9 Mistakes You Make When You Wash Your Hands

Improper handwashing can leave you susceptible to germs. Make sure you’re not making these mistakes.

You don’t wash long enough

A recent Michigan State University study found that 95 percent of people don’t wash hands long enough to effectively kill germs—that’s 20 seconds of scrubbing with soap and water, according to the Centers for Disease Control and Prevention.

“We tell kids and adults to sing the ‘Happy Birthday’ song twice,” says Roshini Raj, MD, attending physician at NYU Medical Center. The average hand-washing time was only about six seconds, the MSU study found. What’s more, 15 percent of men and 7 percent of women didn’t wash their hands at all after using the restroom.

You skip nooks and crannies

If you just rub soap between your palms, rinse, and call it a day, your hands are probably still dirty. “Germs love to hide under fingernails and in the pockets between fingers, so you should scrub these areas every time you wash,” says Dr. Raj. Be sure to scrub vigorously to work up a good lather—friction is key to eliminate dirt, grease, and microbes from the skin.

You don’t dry thoroughly

The most diligent handwashing techniques are worthless if you skimp on drying. Germs love to breed in moisture, says Dr. Raj. Leaving the restroom with still-damp hands can make it easier to pick up germy microbes from the next surface you touch. If you have the choice of paper towels or air blowers, choose the paper towels.

In a study published in the journal Mayo Clinic Proceedings in 2012, researchers analyzed all hand washing studies done since 1970. The paper concluded that paper towels are superior to driers at getting hands properly dry without spattering germs or drying out skin.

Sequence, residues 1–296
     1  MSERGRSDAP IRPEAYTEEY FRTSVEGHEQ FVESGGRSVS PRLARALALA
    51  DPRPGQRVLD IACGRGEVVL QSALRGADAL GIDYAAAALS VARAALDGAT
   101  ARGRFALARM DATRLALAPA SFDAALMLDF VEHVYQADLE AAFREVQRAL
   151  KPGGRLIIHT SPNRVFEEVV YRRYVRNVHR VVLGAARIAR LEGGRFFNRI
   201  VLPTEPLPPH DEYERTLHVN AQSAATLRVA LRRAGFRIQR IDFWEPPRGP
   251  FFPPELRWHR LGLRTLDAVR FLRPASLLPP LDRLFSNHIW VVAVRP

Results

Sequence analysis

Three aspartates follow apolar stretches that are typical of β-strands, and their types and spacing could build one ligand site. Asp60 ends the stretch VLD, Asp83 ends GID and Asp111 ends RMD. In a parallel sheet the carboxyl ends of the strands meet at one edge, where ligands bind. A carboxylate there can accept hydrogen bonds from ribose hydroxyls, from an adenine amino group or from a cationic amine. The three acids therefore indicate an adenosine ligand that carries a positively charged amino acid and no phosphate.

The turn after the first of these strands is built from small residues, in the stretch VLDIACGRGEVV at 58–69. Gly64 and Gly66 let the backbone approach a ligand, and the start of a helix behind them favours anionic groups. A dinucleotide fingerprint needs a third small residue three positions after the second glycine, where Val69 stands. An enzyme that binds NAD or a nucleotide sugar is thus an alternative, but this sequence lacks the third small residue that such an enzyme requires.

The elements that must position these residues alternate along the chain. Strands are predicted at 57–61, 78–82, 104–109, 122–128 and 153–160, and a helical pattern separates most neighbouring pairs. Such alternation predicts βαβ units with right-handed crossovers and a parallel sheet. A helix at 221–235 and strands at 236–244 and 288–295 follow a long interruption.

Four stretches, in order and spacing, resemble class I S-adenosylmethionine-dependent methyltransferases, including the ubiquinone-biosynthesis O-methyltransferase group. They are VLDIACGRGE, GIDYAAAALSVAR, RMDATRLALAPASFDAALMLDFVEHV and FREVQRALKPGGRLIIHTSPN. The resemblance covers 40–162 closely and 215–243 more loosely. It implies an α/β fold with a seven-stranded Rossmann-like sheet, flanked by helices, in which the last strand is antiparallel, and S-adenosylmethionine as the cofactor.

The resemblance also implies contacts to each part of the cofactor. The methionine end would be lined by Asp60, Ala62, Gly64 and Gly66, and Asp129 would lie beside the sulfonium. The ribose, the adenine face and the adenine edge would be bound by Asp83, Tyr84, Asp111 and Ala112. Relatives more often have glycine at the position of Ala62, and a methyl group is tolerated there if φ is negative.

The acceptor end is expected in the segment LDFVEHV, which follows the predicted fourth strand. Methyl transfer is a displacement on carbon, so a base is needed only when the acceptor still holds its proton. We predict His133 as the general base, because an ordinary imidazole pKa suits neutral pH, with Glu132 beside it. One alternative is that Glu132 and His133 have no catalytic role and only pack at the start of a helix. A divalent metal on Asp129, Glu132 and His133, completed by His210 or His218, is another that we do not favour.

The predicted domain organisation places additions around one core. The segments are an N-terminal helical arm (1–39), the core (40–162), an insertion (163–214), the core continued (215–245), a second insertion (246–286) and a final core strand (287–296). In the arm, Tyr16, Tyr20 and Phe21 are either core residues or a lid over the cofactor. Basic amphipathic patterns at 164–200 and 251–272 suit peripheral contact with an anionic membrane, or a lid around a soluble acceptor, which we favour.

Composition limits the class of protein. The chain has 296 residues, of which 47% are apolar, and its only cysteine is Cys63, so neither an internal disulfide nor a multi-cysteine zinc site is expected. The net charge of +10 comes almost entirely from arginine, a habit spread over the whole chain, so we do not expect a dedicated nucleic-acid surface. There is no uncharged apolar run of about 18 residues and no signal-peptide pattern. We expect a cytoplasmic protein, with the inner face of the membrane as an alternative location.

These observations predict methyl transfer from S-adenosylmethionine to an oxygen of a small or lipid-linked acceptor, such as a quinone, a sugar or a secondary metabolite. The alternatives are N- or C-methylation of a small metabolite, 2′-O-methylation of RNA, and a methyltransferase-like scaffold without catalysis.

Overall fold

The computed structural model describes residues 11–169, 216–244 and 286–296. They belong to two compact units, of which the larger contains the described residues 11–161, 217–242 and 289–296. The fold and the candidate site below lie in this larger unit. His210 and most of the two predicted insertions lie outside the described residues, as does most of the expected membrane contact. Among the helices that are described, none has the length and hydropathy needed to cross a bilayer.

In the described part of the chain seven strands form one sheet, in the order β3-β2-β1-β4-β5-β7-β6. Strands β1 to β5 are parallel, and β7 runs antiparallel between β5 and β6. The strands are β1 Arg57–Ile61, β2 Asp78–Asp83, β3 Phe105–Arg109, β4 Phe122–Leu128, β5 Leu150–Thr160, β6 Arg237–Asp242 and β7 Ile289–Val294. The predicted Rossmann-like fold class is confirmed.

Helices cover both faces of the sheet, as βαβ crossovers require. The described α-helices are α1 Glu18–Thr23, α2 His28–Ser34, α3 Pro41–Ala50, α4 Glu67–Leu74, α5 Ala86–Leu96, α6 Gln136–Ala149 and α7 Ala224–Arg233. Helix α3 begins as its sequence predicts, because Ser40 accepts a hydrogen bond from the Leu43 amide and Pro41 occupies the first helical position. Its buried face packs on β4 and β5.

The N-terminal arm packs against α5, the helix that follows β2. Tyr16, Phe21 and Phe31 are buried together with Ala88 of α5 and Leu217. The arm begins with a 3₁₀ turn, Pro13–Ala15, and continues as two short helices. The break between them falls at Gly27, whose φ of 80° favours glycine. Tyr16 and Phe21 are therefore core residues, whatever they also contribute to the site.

If blowers are your only option, be sure to spend enough time with your hands under the blowing air until they’re completely dry, even if it takes a while.

You wash only after using the bathroom

Anytime you touch a public surface—elevator buttons, a doorknob, the ATM, or a subway pole—you’re at risk for picking up germs or bacteria. “Most people know to wash after going to the bathroom, but you should wash periodically throughout the entire day, especially during cold and flu season,” says Dr. Raj.

For times when it’s not convenient to get to a sink, stash a bottle of hand sanitizer in your bag or desk drawer. A sanitizer with alcohol content of at least 60 percent is effective at killing many types of germs, says the CDC.

You assume you have to use hot water

Soap and hot water is one tip from Mom you can safely ignore. Dr. Raj says that despite widespread belief that you need hot water to kill hand germs, lukewarm or even cold water will do the job just as well. (In fact, they’re actually better for your skin because they’re less drying).

A recent study by researchers at Vanderbilt University in Tennessee found that cold water reduced levels of bacteria just as well as hot water, as long as hands were scrubbed, rinsed, and dried properly.

Researchers noted that while heat has been proven to kill bacteria, you’d need to use boiling water at a temp of about 212 degrees Fahrenheit to see a significantly greater reduction in pathogens.

You skip the soap and use hand sanitizer instead